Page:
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Nanoparticles are extensively studied for drug delivery and are proving to be effective in drug delivery and the diagnostic field. Drug delivery to lungs has its advantages over other routes of administration. Inhalable powders consisting of nanoparticles are gaining much interest in respiratory research and clinical therapy. Particle engineering technique is a key factor to develop inhalable formulations that can successfully deliver drug with improved therapeutic effect and enhanced targeting. Inhalable nanoparticles in the solid-state dry powders for targeted pulmonary delivery offer unique advantages and are an exciting new area of research. Nasal delivery of inhalable nanoparticulate powders is gaining research attention recently, particularly in vaccine applications, systemic drug delivery in the treatment of pain, and non-invasive brain targeting. Fundamental aspects and recent advancements along with future prospects of inhalable powders consisting of nanoparticles in the solid-state for respiratory delivery are presented.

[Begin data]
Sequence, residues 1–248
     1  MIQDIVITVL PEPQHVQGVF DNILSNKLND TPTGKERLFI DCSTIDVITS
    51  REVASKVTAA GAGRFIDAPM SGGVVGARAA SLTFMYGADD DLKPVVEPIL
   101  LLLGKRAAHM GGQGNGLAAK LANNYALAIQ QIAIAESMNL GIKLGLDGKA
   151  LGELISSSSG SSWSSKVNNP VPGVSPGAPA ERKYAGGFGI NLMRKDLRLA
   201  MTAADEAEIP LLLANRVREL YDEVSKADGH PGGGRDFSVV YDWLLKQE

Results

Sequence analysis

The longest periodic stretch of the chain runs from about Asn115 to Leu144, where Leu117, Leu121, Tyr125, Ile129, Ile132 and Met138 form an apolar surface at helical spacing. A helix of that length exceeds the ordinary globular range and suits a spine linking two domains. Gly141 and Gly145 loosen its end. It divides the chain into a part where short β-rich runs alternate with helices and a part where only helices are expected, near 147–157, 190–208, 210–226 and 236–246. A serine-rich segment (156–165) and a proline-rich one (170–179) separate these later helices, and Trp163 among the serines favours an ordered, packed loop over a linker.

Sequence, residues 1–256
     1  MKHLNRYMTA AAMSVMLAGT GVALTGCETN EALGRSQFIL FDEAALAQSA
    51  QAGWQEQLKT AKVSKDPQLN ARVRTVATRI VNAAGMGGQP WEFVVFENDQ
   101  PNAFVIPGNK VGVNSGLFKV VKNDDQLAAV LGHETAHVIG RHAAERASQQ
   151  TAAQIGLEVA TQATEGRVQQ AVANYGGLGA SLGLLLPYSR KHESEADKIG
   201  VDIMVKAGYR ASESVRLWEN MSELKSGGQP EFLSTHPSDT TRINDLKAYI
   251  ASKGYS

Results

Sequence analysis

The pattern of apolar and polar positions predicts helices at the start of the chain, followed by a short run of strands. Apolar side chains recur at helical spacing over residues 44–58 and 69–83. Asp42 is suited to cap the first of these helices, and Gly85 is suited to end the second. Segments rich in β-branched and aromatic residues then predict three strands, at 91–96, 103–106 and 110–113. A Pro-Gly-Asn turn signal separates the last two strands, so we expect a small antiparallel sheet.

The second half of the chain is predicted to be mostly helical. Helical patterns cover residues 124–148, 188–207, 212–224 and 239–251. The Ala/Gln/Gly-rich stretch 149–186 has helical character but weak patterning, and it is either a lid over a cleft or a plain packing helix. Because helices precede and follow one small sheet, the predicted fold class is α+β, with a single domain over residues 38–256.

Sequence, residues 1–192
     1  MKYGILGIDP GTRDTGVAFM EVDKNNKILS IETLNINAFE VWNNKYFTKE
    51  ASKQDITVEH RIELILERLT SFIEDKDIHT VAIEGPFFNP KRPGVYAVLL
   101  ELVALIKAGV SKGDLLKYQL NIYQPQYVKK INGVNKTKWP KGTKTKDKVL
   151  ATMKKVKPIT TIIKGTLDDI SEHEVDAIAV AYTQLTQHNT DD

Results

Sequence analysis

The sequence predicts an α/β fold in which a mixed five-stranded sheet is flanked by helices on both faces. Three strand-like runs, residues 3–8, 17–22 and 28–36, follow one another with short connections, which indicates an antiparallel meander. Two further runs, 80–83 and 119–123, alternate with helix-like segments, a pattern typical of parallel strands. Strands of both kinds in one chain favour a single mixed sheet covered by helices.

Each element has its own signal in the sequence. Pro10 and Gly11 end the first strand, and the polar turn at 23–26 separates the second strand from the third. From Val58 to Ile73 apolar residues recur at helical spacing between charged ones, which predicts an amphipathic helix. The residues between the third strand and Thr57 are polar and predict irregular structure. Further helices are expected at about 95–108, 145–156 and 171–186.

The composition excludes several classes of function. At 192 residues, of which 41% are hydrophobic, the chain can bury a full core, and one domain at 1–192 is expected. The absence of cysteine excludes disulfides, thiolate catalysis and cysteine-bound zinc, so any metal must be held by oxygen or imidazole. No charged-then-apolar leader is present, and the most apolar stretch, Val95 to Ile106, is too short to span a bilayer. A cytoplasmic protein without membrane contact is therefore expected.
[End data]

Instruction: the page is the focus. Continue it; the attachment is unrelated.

BACKGROUND:
Lung transplantation (LTx) benefit for survival in cystic fibrosis (CF) patients placed on the wait list is not well studied.

METHODS:
To predict the relationship between initial forced expiratory volume in 1 second (FEV1) and forced vital capacity (FVC) and the hazard ratio (HR) associated with LTx in CF patients, the United Network for Organ Sharing database was queried from 2005 to 2006 for adult patients with CF. Survival was assessed from wait list entry time until death on wait list, death after LTx, or censoring. Multivariate Cox proportional hazards models were used to assess the effect of LTx. The first model estimated the HR of LTx with adjustment for FEV1 or FVC and other covariates, and the second model estimated the HR of LTx conditional on FEV1 or FVC at listing.

RESULTS: